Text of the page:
Alberto Toscano is Reader in Critical Theory and Co-Director of the Centre for Philosophy and Critical Theory, Goldsmiths (London, UK). He studied philosophy at the New School for Social Research, University College Dublin and the University of Warwick, from which he received his PhD in 2003. He is the author of three monographs: The Theatre of Production: Philosophy and Individuation Between Kant and Deleuze (2006), Fanaticism: On the Uses of an Idea (2010), and (with Jeff Kinkle) Cartographies of the Absolute (2015). He edited The Italian Difference: Between Nihilism and Biopolitics with Lorenzo Chiesa, and has translated several works by Alain Badiou, as well as Antonio Negri, Furio Jesi and Franco Fortini. He is currently working on two book projects, the first on tragedy as a political form, the second on philosophy, capitalism and ‘real abstraction’. He is also preparing two multi-volume edited collections, a Handbook of Marxism(with Bev Skeggs and Sara Farris) and Alain Badiou: Critical Assessments of Leading Philosophers (with Ray Brassier). He has sat on the editorial board of the journal Historical Materialism: Research in Critical Marxist Theory since 2004, and is series editor of The Italian List for Seagull Books.
The Invention of the Savage: Philosophy’s Colonial Histories
Friday, February 24, 5:00PM–7:00PM, Room 7000, SFU Harbour Centre
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This talk takes place on the traditional territory of the Coast Salish-speaking peoples, specifically the shared traditional territories of the Sḵwx̱wú7mesh Úxwumixw (Squamish), Tsleil-Waututh, xwməθkwəy̓əm (Musqueam), and Stó:lō First Nations.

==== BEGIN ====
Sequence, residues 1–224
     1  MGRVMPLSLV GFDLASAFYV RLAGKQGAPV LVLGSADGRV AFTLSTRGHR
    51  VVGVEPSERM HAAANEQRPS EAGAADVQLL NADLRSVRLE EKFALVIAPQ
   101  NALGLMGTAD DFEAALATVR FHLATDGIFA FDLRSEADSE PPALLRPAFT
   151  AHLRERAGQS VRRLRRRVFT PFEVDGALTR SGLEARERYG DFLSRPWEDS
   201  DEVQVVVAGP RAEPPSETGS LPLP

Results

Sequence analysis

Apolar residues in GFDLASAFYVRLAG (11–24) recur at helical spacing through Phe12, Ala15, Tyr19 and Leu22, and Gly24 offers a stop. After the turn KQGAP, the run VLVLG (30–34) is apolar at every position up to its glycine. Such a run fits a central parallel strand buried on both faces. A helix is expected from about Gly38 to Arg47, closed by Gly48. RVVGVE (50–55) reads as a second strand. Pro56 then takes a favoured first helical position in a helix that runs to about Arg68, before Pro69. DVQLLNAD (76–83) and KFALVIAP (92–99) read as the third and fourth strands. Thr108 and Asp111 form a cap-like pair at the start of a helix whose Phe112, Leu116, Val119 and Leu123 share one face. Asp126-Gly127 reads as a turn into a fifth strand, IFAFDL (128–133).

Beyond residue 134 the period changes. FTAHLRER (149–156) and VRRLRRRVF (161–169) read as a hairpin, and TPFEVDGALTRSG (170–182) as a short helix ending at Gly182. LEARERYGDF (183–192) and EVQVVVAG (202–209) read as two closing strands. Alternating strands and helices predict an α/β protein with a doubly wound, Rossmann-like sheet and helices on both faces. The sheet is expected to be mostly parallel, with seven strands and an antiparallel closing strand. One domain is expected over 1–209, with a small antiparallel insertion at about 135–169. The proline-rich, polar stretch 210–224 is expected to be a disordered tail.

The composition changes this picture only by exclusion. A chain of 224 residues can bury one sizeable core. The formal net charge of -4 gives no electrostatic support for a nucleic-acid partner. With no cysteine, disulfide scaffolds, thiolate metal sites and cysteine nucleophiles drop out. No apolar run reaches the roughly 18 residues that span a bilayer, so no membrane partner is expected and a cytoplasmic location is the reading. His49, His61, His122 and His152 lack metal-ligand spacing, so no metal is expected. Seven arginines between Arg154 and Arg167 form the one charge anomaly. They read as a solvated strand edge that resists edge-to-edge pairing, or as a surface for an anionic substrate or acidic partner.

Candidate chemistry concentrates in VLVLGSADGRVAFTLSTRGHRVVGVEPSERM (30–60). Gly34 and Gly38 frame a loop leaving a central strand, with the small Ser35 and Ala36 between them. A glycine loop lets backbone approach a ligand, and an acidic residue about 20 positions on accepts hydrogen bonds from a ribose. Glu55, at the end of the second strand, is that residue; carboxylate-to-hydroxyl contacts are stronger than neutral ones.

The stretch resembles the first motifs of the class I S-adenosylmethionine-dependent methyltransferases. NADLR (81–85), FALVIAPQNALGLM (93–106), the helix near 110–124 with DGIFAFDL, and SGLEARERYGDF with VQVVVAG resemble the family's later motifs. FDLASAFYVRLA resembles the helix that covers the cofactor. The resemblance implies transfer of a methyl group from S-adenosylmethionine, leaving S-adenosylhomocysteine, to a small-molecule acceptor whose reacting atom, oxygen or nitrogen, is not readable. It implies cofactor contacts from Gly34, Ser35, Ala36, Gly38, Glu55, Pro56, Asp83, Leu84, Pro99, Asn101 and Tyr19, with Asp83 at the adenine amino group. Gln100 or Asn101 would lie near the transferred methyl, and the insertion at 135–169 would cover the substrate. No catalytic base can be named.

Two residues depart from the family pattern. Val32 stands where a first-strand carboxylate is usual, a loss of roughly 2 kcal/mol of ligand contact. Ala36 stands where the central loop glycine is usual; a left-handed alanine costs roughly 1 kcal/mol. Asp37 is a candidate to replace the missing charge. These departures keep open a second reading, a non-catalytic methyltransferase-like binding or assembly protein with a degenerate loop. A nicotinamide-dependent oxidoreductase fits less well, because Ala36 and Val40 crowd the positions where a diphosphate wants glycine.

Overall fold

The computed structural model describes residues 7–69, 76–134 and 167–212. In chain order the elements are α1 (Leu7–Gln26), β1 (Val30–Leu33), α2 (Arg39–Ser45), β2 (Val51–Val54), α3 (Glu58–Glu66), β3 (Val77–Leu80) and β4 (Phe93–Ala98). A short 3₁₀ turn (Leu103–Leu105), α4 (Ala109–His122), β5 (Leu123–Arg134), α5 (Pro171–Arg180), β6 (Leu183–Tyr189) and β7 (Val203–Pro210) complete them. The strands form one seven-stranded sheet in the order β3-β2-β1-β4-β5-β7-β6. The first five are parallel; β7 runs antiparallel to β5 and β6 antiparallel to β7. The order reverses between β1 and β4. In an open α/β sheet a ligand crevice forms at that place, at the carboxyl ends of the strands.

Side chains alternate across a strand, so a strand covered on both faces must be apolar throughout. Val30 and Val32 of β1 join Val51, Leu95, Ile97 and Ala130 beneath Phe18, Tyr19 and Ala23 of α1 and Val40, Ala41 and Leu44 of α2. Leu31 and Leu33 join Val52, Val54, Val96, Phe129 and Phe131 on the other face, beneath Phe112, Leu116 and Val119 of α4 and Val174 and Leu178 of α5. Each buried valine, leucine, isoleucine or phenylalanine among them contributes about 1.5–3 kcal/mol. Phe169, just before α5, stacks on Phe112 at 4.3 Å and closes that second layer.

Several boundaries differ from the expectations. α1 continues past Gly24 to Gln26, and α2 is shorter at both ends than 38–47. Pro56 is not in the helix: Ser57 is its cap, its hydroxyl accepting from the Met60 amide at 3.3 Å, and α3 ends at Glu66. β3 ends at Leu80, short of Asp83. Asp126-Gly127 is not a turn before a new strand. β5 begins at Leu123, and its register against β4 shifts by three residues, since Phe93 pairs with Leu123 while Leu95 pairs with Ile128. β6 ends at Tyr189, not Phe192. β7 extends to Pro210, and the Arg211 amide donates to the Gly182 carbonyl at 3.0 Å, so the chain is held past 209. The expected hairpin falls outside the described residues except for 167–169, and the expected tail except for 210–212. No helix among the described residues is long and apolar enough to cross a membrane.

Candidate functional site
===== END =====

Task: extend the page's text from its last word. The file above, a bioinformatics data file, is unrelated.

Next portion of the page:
The history of philosophy has all too often set up a cordon sanitaire around itself, fending off discomfiting reminders of its entanglements with the ideologies and practices of colonialism and empire. In recent years the centrality of racial paradigms and colonial imaginaries to the formation of European philosophy has garnered greater, if still insufficient recognition in the mainstream of the discipline, though often in the mode of liberal correctives rather than more radical interrogations. In this talk I want to revisit two pioneering works in the history of philosophy and of philosophical anthropology that bore the clear imprint of the politics and principles of decolonisation: Sergio Landucci’s I filosofi e i selvaggi, 1580-1750 [Philosophers and Savages, 1580-1750] (1972, new ed. 2014) and Giuliano Gliozzi’s Adamo e il nuovo mondo. La nascita dell’antropologia come ideologia coloniale: dalle genealogie bibliche alle teorie razziali, 1500-1700 [Adam and the New World: The Birth of Anthropology as Colonial Ideology: From Biblical Genealogies to Racial Theories, 1500-1700] (1977). Landucci and Gliozzi’s erudite and combative volumes pivot around the much-debated place of the figure of the ‘savage’ in the constitution of early modern European philosophy and its contribution to the origins of anthropology and comparative ethnology. In the talk I will explore the debate between the two scholars over the precise function of this ‘conceptual persona’ of the ‘savage’ – instrument of colonising knowledge or philosophical fantasy – and reflect on its centrality to the formation of a modern conception of human beings as (differentially) ‘political animals’. I will also try to address the persistence of the figure of the ‘savage’ in contemporary historical, philosophical and anthropological debate (from Deleuze-Guattari’s Anti-Oedipus to Eduardo Viveiros de Castro’s The Inconstancy of the Indian Soul: The Encounter of Catholics and Cannibals in 16th Century Brazil) and try to address what, if any, contribution the archaeology of philosophy’s colonial histories can play in contemporary debates over the decolonisation of knowledge, and of political life more broadly.